How does God clean and purify us? First of all, when we become born again and we completely surrender ourselves to Jesus Christ and put our entire faith and trust in him, God will supernaturally regenerate us and give us a brand new nature, a new self. We become a brand new creation. He tells us what he is going to do to us at Ezekiel 36:26-27. "Moreover, I will give you a new heart and put a new spirit within you; and I will remove the heart of stone from your flesh and give you a heart of flesh. And I will put My Spirit within you". And this all happens the very moment when you are saved, because when you are born again you indeed become a brand new person. A brand new person who is walking arm and arm with Jesus Christ on a road to spiritual purity, spiritual growth, spiritual maturity, and spiritual strength.

The Bible tells us that once we are saved and become born again then we are no longer living our lives by ourselves. Galatians 2:20 tells us, "It is no longer I that live, but it is Christ that is living in union with me". Now both you and Jesus are living your life together, and it is at this point that a number of very marvelous things occur. First of all you have a brand new spotless heart, one that is no longer saturated with sin. You also have Jesus Christ dwelling within you and you are united with Jesus Christ. You now believe fully and completely in our Lord Jesus Christ. You have also pledged your love, trust, and obedience to the Lord. And something else extremely important has occured and that is the Holy Spirit has decided to move in and take up residence within you. The Holy Spirit is the one who's going to guide you and teach you and show you exactly what to do and how to do it, in order for you to become pure in heart. All the believer needs to do is constantly and continuously keep their focus on Jesus Christ.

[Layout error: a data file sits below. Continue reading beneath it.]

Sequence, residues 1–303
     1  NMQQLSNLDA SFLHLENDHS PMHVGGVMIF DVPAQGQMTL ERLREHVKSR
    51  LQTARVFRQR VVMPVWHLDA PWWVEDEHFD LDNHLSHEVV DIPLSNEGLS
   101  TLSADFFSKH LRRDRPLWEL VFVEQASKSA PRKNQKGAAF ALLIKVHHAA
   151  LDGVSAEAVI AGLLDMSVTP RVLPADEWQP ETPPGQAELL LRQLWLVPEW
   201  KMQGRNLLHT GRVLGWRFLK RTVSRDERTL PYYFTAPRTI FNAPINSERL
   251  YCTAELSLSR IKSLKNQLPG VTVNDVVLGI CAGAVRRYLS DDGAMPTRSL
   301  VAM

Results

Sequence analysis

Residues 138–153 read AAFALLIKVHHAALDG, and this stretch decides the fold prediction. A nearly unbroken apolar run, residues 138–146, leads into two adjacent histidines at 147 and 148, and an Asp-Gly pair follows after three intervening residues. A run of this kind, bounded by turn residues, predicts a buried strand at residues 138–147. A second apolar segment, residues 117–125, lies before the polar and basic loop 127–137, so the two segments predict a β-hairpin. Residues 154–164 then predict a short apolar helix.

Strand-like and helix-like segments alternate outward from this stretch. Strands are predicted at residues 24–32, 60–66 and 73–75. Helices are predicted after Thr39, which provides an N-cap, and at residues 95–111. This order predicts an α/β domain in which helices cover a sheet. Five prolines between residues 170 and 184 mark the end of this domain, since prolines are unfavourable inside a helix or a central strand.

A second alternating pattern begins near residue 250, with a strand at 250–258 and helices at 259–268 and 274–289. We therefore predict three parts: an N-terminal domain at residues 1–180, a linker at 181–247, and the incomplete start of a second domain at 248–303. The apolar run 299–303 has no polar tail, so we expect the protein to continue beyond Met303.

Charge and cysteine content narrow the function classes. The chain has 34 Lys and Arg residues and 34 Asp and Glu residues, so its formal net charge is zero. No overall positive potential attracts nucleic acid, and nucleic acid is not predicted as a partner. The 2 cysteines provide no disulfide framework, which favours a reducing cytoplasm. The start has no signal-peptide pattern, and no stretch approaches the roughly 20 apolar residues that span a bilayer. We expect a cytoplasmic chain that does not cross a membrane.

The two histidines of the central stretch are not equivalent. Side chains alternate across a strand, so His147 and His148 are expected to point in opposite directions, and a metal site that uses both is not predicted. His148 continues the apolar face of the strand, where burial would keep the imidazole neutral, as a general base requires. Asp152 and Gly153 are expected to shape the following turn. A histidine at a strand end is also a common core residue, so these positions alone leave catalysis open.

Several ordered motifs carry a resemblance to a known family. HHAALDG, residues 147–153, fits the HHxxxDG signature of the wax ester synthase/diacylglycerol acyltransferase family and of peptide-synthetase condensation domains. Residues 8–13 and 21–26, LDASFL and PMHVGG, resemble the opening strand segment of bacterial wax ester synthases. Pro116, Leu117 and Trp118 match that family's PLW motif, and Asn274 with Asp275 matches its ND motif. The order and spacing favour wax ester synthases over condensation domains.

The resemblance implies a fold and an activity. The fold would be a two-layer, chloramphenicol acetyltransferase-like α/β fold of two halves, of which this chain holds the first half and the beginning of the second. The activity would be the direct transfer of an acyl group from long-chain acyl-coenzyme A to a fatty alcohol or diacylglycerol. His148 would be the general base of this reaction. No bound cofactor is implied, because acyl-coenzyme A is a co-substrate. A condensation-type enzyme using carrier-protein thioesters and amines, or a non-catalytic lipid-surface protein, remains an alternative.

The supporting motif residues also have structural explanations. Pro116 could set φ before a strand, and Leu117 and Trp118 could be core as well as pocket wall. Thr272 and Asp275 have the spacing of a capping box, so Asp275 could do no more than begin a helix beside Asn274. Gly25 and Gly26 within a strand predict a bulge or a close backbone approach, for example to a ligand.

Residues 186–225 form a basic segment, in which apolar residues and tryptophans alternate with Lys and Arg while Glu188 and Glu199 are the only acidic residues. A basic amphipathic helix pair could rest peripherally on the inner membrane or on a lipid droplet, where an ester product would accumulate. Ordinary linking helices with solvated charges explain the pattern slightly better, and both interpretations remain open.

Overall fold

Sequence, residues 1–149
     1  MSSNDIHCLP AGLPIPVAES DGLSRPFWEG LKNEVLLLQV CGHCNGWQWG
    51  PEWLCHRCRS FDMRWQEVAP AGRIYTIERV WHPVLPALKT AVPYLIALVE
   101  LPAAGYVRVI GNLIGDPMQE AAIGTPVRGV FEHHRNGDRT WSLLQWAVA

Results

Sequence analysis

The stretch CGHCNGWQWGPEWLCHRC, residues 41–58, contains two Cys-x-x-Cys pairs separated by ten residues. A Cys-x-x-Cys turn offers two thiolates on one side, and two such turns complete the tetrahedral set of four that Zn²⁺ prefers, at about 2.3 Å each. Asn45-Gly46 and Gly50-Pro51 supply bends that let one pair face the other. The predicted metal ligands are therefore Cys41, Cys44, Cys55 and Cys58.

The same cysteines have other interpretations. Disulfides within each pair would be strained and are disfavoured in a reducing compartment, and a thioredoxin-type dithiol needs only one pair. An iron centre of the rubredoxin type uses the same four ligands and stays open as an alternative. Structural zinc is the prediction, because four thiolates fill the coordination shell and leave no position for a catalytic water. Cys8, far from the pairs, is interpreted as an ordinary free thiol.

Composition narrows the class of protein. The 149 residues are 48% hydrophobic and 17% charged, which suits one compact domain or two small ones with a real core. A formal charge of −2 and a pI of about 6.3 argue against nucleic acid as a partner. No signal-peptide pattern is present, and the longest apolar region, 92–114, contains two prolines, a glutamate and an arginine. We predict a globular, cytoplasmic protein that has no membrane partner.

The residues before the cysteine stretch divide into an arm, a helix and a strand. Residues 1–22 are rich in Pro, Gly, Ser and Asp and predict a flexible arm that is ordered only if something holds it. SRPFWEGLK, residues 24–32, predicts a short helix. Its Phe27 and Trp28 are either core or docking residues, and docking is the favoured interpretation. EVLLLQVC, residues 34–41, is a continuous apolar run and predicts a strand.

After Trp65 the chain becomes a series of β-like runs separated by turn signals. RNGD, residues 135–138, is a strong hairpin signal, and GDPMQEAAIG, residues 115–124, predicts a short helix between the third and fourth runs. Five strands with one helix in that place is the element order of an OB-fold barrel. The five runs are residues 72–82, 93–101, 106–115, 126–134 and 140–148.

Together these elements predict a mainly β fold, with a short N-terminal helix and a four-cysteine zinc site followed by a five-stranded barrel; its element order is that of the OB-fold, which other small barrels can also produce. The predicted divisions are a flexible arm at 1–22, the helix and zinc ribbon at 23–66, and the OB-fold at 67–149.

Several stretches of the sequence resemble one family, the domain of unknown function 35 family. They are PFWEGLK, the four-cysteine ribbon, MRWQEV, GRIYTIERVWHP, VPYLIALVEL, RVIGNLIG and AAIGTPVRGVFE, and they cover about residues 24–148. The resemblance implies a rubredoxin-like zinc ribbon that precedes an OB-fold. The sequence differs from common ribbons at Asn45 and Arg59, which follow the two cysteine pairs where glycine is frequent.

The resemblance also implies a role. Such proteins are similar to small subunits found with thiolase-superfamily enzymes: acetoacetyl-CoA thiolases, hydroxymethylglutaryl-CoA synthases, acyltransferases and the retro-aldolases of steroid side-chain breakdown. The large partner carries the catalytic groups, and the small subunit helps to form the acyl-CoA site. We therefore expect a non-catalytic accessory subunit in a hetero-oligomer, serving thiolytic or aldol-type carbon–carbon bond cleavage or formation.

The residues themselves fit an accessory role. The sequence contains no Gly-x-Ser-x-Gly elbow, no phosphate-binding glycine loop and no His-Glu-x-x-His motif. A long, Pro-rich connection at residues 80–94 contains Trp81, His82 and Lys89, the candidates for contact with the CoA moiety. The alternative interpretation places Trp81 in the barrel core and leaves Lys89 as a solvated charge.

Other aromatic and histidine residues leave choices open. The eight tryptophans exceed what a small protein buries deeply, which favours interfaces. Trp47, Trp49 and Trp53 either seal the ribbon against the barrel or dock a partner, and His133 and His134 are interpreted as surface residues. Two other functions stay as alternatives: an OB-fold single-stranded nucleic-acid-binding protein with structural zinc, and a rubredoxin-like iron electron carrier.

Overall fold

This beatitude tells us if we are pure in heart then we will see God. The reward for this beatitude is truly marvelous because when the believer becomes pure in heart, not only will they see God as they pass into heaven immediately upon their death, but they will see God right now, not with their natural eye, but through their spiritual vision, through their faith in Jesus Christ. For the pure in heart will see God in all his glory in every single thing that they see. To the pure in heart, God will become extremely visible.



The Seventh Beatitude: Blessed are the peacemakers, for they shall be called sons of God.

The peacemakers are those children of God who not only have great love for God, but also have love for all of mankind and they attempt to do everything possible for the advancement of peace everywhere. The term "peacemakers" includes all who make peace between men, whether as individuals or as communities. It includes even those who endeavor to make peace even though they fail.